# Inequalities & A Definite Integral

• May 12th 2013, 10:09 AM
zachd77
Inequalities & A Definite Integral
I don't understand the first step of the following proof (I was given the first step and I completed it fine, but it is the first step that I do not understand).

Attachment 28346

First step:

Attachment 28347

The rest of the proof was straightforward. From the first step, this next part comes from the fact that the resulting integral from the first step is less than or equal to:

Attachment 28348
Anyways, I just need help understanding why the first step is true. Thanks for any help!!!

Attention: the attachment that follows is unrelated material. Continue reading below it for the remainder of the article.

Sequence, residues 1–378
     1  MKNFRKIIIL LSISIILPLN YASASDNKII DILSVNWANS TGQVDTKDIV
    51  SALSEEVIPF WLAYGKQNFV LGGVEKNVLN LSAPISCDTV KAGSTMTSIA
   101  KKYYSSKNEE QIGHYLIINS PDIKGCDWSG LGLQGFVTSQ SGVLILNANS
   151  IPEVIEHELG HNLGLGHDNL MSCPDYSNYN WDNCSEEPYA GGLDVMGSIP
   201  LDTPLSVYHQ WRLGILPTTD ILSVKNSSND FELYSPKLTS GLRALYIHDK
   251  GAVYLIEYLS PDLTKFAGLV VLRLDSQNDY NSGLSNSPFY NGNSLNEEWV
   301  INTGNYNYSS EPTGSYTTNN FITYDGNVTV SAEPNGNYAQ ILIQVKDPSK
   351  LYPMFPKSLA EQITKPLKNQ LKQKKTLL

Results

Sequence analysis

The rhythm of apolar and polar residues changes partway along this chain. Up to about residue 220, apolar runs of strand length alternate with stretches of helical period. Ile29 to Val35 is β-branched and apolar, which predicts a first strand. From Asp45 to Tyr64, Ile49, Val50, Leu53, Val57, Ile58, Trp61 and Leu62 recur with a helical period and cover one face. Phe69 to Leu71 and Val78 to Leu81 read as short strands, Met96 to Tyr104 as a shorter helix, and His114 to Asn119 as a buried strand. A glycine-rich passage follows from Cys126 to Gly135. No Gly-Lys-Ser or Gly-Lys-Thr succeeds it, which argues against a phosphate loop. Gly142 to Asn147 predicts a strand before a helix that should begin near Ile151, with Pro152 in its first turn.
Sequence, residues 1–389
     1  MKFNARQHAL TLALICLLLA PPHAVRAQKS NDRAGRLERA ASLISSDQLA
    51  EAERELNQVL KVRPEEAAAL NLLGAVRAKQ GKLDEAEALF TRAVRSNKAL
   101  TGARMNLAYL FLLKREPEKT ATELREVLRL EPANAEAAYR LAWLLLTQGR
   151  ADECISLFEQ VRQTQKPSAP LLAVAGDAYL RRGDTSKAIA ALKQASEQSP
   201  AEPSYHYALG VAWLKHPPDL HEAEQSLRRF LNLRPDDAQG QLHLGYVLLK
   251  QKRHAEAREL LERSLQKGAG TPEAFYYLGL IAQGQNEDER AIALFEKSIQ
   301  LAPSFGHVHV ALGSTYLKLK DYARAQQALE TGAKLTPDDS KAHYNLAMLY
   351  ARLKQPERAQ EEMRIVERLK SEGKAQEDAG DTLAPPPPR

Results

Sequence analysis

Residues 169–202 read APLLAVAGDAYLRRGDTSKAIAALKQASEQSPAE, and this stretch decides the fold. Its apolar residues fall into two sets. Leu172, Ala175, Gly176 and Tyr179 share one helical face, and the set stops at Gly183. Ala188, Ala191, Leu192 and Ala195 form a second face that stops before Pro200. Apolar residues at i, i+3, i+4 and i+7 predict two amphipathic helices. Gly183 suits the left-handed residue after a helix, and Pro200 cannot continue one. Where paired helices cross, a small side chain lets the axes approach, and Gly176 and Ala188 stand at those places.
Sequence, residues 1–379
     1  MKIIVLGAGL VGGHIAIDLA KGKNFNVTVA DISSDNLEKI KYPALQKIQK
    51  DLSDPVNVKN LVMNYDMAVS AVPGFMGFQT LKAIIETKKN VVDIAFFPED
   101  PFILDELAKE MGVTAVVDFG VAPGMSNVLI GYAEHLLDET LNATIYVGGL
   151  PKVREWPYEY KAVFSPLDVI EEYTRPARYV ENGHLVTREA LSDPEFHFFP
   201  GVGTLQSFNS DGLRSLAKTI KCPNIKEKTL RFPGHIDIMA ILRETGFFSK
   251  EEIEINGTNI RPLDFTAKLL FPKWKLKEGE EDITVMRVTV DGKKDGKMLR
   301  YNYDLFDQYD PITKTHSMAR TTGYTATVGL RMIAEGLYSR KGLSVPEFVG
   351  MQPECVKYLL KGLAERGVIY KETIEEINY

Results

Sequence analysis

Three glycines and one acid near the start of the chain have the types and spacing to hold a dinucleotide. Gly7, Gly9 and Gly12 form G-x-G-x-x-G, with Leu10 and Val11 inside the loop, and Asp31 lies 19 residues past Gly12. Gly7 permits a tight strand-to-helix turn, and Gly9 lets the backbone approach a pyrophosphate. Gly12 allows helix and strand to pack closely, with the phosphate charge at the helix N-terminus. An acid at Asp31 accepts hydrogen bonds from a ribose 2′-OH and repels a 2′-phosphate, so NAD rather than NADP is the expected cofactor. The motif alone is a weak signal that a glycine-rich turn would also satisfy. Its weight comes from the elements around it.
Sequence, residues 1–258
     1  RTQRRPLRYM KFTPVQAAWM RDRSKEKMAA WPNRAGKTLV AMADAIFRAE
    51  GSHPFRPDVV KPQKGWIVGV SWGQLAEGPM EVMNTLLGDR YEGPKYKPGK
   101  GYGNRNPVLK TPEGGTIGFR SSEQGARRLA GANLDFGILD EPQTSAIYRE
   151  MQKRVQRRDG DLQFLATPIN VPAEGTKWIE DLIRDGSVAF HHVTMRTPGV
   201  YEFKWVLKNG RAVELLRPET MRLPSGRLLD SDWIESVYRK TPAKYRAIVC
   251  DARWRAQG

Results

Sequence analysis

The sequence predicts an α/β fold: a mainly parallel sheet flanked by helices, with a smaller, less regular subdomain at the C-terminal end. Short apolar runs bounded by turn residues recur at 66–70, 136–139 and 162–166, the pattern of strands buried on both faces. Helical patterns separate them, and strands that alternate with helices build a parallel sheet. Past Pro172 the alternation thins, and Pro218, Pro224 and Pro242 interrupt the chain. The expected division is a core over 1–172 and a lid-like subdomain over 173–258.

• May 12th 2013, 10:32 AM
Plato
Re: Inequalities & A Definite Integral
Quote:

Originally Posted by zachd77
I don't understand the first step of the following proof (I was given the first step and I completed it fine, but it is the first step that I do not understand).
Attachment 28346

First step:
Attachment 28347

It is a theorem in the theory of integrals:

If $\displaystyle f$ is integrable on $\displaystyle [a,b]$ then $\displaystyle |f|$ is integrable on $\displaystyle [a,b]$ and

$\displaystyle \left| {\int_a^b f } \right| \leqslant \int_a^b {\left| f \right|}~.$

Is that the question?
• May 12th 2013, 10:59 AM
zachd77
Re: Inequalities & A Definite Integral
Yep! That is what I am looking for; I have not seen that property of integrals before.

Thanks for the help!